We used to watch shows in theatres and concert halls, now they’re on screens and podcasts. But Maria Roberts says there’s nothing like the live experience
Research carried out by English Touring Opera recently found that broadcasts of opera productions to cinemas did not motivate people to buy tickets to attend a live opera. I’m not surprised.
Talk of digital often incites debate around access and audience development. Yet it’s useful to consider the unique way a live performance can contribute to a person’s life. The two forms, broadcast and live, are not equal in their knock-on effects: transmitted will never be the same as in person.
Before I began to download my life, I watched a play at a theatre and bought the published script from an usher; then I bought the newspapers that featured the reviews; then I ordered the biography of the playwright written by the theatre critic who wrote the reviews; then I bought the collection of letters by the theatre’s dramaturg to the playwright accepting and declining his work; then I bought the collected love letters of the playwright.
Eventually I’d watch the movie of the playwright’s life; buy the soundtrack; go to watch the director’s next film; attend some seminars; hound an academic; meet a playwright; date a playwright; write about a playwright – and on it went.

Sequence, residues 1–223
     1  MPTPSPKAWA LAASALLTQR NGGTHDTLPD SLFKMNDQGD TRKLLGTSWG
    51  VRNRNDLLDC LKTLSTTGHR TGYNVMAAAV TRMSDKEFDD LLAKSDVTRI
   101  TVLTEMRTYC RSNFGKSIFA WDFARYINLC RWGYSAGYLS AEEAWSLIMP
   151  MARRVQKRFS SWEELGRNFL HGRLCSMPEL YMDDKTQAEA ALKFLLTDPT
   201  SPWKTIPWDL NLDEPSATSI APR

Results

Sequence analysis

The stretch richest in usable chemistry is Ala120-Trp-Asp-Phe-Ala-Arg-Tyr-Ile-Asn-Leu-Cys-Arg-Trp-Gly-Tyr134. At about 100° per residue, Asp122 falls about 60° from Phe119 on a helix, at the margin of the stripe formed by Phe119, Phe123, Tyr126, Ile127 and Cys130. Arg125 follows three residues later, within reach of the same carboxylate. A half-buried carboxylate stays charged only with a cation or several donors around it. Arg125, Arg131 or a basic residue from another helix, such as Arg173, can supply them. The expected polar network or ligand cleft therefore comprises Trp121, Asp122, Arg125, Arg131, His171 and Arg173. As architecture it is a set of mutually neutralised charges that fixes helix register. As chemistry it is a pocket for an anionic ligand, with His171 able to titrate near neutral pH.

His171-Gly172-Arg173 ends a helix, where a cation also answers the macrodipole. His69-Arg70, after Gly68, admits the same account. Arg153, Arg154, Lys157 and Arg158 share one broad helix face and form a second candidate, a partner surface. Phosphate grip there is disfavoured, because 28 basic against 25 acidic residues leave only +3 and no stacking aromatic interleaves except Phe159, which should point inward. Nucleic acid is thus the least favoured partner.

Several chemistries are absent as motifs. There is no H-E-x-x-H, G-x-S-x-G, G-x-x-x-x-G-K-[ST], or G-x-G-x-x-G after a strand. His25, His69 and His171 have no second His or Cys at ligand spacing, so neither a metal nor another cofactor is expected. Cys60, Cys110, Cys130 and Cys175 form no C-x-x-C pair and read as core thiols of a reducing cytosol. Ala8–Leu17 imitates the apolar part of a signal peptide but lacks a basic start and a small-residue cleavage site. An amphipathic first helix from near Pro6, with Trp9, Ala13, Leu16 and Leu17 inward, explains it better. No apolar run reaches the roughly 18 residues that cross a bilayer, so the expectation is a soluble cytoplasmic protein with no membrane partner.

The live process involved time, people and other places. It was a vibrant love affair. Back then one small act of going to the theatre resulted in a bookshelf crammed with history and gossip. And between the leaves of the books I bought, I hid my own secrets. All personal and unique. You can’t download decadence.
But now, from my hot pink sofa, my engagement with the arts moves at the speed of light. I watch films, documentaries, dance, opera and concerts on Sky Arts and BBC4, I follow links on Twitter. I read books on my iPhone, and, with the same frequency as I attend events, listen to podcasts or watch clips on Vimeo.
Whilst my expenditure as an arts consumer has decreased, I’ve gained weight and damaged my imagination. For every aspect of my life – shopping, friends, romance, work – I hit an app. I’ve become far too digi-native. And my life is not richer for living it online, I’d go as far as to say it lacks authenticity. So I’ve made a decision to reduce the time I spend in front of a screen and spend more time watching live performances on stage, that’s where the real stories are made. And the challenge for arts professionals? It’s to get people like me to spend again.